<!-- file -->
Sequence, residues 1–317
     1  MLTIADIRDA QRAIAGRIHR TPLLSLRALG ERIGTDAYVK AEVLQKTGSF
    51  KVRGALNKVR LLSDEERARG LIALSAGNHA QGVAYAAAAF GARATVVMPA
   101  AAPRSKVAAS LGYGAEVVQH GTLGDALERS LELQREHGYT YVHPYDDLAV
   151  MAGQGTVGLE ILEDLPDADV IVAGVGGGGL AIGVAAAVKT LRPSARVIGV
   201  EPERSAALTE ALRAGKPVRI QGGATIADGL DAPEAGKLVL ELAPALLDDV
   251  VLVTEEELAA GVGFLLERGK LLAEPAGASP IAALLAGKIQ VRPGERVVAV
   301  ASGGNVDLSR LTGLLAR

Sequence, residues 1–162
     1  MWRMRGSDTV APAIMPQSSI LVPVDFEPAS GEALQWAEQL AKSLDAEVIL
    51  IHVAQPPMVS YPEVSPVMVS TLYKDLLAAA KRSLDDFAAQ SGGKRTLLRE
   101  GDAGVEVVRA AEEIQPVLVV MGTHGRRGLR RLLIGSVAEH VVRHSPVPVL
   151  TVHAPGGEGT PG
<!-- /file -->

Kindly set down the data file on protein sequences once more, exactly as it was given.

Sequence, residues 1–317
     1  MLTIADIRDA QRAIAGRIHR TPLLSLRALG ERIGTDAYVK AEVLQKTGSF
    51  KVRGALNKVR LLSDEERARG LIALSAGNHA QGVAYAAAAF GARATVVMPA
   101  AAPRSKVAAS LGYGAEVVQH GTLGDALERS LELQREHGYT YVHPYDDLAV
   151  MAGQGTVGLE ILEDLPDADV IVAGVGGGGL AIGVAAAVKT LRPSARVIGV
   201  EPERSAALTE ALRAGKPVRI QGGATIADGL DAPEAGKLVL ELAPALLDDV
   251  VLVTEEELAA GVGFLLERGK LLAEPAGASP IAALLAGKIQ VRPGERVVAV
   301  ASGGNVDLSR LTGLLAR

Sequence, residues 1–162
     1  MWRMRGSDTV APAIMPQSSI LVPVDFEPAS GEALQWAEQL AKSLDAEVIL
    51  IHVAQPPMVS YPEVSPVMVS TLYKDLLAAA KRSLDDFAAQ SGGKRTLLRE
   101  GDAGVEVVRA AEEIQPVLVV MGTHGRRGLR RLLIGSVAEH VVRHSPVPVL
   151  TVHAPGGEGT PG